Workshop set up to cater for overlooked crafts 

August 23, 2021 - 20:0

TEHRAN - A handicrafts workshop has recently been set up in a vast historical caravanserai in Ardakan aimed to cater for arrays of the often overlooked crafts across the central Iranian city and its outskirts. 

“The workshop has been established at the Qajar-era (1789-1925) Rashti Caravanserai to develop traditional arts, introduce and encourage people interested in handicrafts, and create a conducive working environment for entrepreneurs and youth,” Ardakan’s tourism chief said on Monday. 

“Handicrafts fields should be updated to reflect the modern way of life and be connected to it,” Mahmud Adiban said. 

Handicraft products can be economically viable and activists in this field will be more eager to help if they are taken away from the forms of decorative and museum-like art and seen in the light of modern society’s needs, the official explained. 

Currently, the workshop offers two handicrafts fields of kilim-bafi and kar-bafi (a kind of traditional textile), he added. 

Kar-bafi, which has recently been revived after years of being forgotten, is one of the oldest professions in the region, he noted. “Kar-bafi’s products are being used for the tents, women’s traditional clothes, sheets, spreads, and towels.”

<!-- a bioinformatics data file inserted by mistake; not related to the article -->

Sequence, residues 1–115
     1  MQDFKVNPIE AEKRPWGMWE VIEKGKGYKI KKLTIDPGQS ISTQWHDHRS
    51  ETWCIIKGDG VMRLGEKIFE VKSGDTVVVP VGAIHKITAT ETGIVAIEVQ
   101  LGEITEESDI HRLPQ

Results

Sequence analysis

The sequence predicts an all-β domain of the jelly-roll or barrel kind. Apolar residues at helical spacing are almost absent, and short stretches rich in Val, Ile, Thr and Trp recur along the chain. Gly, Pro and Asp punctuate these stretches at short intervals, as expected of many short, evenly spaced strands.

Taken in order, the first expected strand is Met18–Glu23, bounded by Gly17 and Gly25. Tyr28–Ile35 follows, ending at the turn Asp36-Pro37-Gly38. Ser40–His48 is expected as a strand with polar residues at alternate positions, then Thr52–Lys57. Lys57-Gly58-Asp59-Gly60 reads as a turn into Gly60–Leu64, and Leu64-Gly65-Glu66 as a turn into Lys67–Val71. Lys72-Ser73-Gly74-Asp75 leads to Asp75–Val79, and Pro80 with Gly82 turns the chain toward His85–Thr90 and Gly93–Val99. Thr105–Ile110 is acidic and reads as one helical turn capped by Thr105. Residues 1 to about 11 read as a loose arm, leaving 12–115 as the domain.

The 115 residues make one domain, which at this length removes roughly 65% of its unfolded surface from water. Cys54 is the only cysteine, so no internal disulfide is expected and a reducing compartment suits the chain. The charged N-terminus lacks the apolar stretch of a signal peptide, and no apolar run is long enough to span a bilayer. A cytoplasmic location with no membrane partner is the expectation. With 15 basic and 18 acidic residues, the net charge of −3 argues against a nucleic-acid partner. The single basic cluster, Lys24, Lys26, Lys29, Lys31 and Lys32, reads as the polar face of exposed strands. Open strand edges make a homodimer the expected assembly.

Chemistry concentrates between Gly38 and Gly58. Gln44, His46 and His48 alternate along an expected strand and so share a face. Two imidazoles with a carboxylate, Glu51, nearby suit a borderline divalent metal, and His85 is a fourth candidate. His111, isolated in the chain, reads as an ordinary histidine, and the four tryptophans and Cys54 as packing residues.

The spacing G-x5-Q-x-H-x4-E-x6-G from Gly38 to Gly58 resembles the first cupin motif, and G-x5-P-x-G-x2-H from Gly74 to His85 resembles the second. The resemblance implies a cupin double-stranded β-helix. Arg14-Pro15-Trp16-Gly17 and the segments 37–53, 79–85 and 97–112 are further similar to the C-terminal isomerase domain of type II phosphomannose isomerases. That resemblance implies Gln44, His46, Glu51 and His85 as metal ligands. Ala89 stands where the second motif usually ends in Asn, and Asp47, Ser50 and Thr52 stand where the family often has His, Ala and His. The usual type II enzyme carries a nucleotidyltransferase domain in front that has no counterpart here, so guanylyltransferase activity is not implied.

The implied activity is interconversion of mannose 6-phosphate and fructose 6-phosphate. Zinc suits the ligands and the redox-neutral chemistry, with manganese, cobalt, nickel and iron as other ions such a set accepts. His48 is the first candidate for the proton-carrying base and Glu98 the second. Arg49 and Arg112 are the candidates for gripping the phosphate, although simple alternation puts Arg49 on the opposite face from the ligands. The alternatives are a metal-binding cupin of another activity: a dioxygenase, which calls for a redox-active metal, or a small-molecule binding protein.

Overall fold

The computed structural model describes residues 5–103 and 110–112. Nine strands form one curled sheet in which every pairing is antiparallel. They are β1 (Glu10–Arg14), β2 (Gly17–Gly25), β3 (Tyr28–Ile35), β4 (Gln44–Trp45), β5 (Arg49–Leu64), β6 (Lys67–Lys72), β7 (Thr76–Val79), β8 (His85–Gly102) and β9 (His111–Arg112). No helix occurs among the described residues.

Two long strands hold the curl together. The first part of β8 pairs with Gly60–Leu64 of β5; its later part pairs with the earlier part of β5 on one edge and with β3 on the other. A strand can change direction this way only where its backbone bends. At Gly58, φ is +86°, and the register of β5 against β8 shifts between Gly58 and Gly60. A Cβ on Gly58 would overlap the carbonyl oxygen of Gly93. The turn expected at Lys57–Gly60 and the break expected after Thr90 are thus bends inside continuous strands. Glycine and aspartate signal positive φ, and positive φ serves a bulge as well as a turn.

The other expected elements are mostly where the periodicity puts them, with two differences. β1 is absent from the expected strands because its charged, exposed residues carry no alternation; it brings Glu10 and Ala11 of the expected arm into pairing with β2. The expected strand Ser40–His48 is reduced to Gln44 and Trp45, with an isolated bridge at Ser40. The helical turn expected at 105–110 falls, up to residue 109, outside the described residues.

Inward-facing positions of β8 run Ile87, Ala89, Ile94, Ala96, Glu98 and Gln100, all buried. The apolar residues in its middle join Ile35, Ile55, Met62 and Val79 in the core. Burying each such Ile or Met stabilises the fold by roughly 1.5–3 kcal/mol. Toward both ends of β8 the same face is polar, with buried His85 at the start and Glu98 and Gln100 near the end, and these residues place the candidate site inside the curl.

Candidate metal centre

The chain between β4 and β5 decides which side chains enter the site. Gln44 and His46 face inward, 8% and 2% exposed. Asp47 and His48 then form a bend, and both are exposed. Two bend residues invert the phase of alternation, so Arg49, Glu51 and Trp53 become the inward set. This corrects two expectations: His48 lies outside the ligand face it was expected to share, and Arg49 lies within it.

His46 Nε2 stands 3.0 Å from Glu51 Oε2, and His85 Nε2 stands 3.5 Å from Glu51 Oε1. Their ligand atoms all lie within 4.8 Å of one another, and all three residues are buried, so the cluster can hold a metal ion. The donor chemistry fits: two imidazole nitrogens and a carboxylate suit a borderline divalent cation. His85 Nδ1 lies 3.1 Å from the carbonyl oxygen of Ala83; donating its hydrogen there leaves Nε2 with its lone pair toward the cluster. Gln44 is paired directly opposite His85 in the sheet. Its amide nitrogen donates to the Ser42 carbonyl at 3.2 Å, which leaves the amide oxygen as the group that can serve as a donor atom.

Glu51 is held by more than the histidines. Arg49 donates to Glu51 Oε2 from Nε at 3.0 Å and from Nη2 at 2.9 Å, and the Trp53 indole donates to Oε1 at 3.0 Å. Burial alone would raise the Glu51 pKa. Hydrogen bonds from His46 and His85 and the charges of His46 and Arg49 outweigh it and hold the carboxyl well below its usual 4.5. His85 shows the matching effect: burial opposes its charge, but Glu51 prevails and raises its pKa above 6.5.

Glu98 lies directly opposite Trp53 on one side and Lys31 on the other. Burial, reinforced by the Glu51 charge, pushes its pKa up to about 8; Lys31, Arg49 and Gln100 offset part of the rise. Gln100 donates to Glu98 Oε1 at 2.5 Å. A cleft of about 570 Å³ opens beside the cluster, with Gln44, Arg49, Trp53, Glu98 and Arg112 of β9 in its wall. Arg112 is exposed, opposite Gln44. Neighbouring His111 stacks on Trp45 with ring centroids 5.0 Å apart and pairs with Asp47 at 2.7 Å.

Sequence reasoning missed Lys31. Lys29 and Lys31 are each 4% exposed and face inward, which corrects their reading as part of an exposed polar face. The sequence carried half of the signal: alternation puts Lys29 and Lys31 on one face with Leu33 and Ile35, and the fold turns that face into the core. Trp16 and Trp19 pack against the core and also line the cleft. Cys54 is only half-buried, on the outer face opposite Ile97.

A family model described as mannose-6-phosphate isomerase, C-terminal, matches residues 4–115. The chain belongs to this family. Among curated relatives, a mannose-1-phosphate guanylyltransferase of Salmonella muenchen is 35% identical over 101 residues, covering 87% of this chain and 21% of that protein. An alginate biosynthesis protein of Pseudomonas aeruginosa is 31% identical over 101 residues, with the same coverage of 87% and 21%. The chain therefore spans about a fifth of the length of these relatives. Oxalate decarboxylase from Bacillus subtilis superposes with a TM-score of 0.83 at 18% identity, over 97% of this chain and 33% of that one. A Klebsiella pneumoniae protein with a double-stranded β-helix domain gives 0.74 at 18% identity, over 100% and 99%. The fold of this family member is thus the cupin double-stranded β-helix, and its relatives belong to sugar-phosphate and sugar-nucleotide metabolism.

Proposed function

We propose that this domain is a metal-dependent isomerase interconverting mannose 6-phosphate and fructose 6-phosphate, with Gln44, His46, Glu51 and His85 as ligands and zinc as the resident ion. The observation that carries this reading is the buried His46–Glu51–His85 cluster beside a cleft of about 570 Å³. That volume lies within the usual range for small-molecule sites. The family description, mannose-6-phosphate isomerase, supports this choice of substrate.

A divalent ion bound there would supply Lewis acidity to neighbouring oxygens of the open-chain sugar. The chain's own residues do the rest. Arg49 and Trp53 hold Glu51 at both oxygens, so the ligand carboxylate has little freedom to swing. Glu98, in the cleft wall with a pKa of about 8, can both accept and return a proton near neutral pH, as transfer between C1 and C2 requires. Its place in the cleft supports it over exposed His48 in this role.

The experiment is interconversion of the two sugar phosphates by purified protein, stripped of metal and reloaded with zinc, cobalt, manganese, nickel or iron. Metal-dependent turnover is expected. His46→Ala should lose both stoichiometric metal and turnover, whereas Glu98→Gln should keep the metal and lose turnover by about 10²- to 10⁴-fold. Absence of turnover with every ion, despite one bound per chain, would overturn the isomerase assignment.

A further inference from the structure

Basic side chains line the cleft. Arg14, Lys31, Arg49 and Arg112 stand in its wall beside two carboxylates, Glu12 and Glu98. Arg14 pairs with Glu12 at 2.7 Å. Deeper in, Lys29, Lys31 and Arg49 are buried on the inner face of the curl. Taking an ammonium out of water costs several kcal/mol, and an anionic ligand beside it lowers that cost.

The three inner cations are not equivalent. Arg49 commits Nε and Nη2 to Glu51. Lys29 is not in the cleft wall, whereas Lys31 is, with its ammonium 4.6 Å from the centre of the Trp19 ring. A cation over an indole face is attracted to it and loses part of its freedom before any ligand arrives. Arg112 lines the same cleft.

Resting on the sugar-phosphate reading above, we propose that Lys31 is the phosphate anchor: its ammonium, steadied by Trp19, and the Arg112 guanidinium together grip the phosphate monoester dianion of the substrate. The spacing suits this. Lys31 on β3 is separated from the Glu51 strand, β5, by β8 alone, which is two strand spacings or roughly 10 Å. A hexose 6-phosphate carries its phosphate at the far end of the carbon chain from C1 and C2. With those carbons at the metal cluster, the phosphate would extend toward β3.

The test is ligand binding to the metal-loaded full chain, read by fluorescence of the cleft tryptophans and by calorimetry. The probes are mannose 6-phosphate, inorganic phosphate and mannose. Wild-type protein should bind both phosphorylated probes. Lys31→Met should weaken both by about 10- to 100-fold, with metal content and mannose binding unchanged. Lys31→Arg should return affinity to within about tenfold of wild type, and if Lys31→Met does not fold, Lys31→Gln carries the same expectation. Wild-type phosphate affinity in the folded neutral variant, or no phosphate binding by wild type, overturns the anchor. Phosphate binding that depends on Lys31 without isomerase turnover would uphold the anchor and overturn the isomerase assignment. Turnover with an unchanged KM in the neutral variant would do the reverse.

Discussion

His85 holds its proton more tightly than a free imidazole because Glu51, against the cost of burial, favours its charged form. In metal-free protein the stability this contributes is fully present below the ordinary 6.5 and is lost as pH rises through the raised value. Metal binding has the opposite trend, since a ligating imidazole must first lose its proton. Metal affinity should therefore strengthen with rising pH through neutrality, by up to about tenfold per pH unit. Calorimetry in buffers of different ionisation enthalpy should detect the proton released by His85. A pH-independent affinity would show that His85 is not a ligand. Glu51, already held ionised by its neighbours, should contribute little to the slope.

Rashti Caravanserai, modeled after the Safavid-era Shah Abbasi caravanserais, has been inscribed on the national heritage list. 

Iran’s earliest caravanserais were built during the Achaemenid era (550 -330 BC). Centuries later, when Shah Abbas I assumed power from 1588 – to 1629, he ordered the construction of network caravanserais across the country. Such roadside inns were originally built in various epochs along ancient caravan routes in the Muslim world to shelter people, their goods, and animals. The former Silk Roads may be the most famous example dotted by caravanserais.

The value of Iran’s handicrafts exports stood at $120 million during the first eleven months of the past Iranian calendar year 1399 (March 20, 2020 – February 18, 2021), Mehr reported. The country’s handicrafts exports slumped during the mentioned months in comparison to the same period last a year earlier due to the damage the coronavirus pandemic has inflicted on global trade.

The Islamic Republic exported $427 million worth of handicrafts during the first eleven months of the calendar year 1398. Of the figure, some $190 million was earned via suitcase trade (allowed for customs-free and tax-free transfer) through 20 provinces, according to data compiled by the Ministry of Cultural Heritage, Tourism and Handicrafts.

Ceramics, pottery vessels, handwoven cloths as well as personal ornamentations with precious and semi-precious gemstones are traditionally exported to Iraq, Afghanistan, Germany, the U.S., the UK, and other countries.


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